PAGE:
Mr Whitehouse earlier this year handed over a dossier that making serious allegations against police officers and Crown officials described as an iomega minute and was key to a documents release in his case and a future criminal probe.

"It's resisted, I'm told on the basis that there other ways of doing it. There should be a specification of documents, there should be some rather complicated procedure, whereby the Lord Advocate might give consent for the use of certain documents.

"The proposals that have been put forward would inevitably result in partial disclosure or partial permission. And the difficulty we labour under is you can't unknow that which you know and there would be an ongoing concern that if we have partial disclosure, partial permission, we inadvertently breach the implied restriction."

He said representatives for the Lord Advocate had already suggested "that we've already breached the implied restriction".

"It is a suggestion which I refute and I don't think is insisted in. But there we have it in the pleadings, there's a suggestion we're already effectively in contempt of court," he said.

"I do not want to be running this action under constant fear of finding myself in contempt of court.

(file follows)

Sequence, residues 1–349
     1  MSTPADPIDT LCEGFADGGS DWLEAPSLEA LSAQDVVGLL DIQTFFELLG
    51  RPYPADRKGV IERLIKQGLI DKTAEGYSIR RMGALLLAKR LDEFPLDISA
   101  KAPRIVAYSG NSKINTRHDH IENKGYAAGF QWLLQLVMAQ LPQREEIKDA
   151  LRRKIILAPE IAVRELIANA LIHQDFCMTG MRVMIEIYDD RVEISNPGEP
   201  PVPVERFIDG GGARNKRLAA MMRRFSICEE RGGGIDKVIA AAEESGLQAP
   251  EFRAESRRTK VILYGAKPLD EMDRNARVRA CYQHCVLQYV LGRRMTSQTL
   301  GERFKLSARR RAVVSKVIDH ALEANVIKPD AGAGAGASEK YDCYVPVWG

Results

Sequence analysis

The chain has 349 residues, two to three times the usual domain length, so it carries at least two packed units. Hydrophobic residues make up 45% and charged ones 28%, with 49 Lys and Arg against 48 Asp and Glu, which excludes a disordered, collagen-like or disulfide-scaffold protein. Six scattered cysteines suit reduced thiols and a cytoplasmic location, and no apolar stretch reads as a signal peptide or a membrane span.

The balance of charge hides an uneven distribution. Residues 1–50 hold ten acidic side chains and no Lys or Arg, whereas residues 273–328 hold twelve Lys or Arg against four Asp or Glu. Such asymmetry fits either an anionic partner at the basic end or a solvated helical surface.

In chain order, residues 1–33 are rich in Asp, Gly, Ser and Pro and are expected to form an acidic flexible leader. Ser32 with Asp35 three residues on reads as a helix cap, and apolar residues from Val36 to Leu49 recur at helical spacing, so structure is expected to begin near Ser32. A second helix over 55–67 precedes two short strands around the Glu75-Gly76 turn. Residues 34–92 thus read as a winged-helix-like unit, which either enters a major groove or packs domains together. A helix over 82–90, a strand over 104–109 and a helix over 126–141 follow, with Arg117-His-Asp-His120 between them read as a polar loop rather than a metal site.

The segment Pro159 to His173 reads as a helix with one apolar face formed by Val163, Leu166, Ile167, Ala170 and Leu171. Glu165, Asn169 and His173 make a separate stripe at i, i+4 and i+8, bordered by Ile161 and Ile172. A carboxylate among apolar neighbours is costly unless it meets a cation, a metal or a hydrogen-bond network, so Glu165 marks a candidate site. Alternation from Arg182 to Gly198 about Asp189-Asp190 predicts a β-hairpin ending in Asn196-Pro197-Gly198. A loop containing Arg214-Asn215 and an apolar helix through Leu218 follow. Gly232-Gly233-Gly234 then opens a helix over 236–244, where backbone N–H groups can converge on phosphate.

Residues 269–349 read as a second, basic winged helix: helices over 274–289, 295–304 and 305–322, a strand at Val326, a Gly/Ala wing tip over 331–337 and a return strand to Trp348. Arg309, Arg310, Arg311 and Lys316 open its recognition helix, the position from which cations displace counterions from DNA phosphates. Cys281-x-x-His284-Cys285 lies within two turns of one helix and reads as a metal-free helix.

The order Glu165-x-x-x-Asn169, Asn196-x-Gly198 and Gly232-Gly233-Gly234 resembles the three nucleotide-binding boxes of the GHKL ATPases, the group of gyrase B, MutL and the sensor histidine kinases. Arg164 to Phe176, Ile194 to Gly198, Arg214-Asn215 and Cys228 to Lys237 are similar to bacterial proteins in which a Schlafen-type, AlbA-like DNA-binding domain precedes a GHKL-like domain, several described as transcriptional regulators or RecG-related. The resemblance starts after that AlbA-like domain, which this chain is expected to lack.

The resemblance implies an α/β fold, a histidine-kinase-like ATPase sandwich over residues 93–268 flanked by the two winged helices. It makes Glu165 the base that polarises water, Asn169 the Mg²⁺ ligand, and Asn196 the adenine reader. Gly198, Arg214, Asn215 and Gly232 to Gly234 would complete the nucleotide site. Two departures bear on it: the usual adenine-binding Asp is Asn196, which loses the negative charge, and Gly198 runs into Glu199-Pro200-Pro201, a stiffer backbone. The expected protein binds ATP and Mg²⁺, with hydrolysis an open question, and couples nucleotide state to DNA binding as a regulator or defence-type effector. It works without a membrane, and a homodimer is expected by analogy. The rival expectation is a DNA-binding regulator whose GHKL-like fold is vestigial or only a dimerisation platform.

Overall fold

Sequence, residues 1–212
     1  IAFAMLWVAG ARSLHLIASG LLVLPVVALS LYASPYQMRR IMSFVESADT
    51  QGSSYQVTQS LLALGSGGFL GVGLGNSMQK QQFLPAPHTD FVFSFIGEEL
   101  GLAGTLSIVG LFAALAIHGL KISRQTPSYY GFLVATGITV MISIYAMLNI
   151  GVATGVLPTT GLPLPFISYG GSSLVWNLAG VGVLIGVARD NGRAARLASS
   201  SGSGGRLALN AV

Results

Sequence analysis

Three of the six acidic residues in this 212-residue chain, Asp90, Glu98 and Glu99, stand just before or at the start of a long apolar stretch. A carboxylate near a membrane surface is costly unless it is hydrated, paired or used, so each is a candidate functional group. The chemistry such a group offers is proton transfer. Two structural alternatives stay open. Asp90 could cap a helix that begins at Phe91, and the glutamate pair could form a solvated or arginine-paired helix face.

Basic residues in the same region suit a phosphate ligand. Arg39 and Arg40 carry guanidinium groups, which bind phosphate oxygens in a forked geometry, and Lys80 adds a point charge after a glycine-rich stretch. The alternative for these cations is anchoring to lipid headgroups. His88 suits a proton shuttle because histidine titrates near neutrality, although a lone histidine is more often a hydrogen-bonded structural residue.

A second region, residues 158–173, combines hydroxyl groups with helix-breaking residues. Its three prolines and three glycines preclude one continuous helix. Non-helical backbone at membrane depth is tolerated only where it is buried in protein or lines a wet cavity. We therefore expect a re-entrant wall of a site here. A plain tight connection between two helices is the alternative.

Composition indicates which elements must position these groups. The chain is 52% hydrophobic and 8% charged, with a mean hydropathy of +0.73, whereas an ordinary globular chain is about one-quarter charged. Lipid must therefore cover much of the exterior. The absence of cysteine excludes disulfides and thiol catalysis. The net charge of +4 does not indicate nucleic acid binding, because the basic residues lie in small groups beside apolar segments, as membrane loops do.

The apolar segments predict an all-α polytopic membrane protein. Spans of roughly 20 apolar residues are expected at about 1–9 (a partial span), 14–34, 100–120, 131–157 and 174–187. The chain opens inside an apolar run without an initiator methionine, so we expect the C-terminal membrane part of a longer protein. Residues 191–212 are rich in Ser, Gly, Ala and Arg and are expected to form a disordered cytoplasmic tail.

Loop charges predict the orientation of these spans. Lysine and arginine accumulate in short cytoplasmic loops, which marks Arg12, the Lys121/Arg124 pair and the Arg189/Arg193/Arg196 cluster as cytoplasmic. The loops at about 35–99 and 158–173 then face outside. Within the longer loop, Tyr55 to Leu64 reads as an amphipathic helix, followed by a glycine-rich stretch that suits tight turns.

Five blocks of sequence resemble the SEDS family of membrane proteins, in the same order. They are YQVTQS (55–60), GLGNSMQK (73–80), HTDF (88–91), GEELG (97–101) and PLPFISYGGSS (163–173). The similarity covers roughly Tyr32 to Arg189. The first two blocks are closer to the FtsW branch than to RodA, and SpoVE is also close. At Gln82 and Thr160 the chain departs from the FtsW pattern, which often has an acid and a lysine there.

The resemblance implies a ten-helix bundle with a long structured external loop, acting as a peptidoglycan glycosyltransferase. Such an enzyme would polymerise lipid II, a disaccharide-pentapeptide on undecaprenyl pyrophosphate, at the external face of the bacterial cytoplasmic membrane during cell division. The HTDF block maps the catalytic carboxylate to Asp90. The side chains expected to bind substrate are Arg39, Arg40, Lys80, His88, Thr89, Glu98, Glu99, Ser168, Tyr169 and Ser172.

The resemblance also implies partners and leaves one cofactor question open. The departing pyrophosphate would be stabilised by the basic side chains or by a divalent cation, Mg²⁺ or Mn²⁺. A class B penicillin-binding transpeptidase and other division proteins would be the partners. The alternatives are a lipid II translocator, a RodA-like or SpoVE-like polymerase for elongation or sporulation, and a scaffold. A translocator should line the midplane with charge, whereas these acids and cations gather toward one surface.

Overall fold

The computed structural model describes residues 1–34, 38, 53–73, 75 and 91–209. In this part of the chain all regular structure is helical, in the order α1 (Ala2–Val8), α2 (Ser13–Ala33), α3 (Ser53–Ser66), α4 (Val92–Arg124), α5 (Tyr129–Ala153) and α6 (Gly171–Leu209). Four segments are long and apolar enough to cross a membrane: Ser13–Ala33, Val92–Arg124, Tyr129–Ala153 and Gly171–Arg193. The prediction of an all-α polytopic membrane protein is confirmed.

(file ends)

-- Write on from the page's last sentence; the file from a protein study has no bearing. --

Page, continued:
"It is something I'd really rather avoid."

He suggested that Lord Tyre, who is hearing the case, should grant use of the iomega minute documents.

Lord Tyre said: "If I am reading it correctly, you're not actually asking for production of any documents that are not already in the hands of Mr Whitehouse?"

Mr Dunlop responded: "We just want to use that which we already have."

Gerry Moynihan QC for the Lord Advocate said there was a matter of "principal" at stake in that Duff and Phelps should only have access to documents that have relevance to the case.

"I acknowledge the fear, frankly is I think the correct term [Mr Dunlop] would use, that he and those with whom he works are in contempt of court by even suggesting particular documents might be required.

"The issue in relation to the iomega one is one of principal and is whether the pursuer is restricted to documents that have relevance to this case, or that the pursuer can simply say I want some and so I can simply access everything.

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"It's not just an issue in this case, it's a matter of principle, because otherwise documents produced in court could simply go the rounds. Pass the parcel."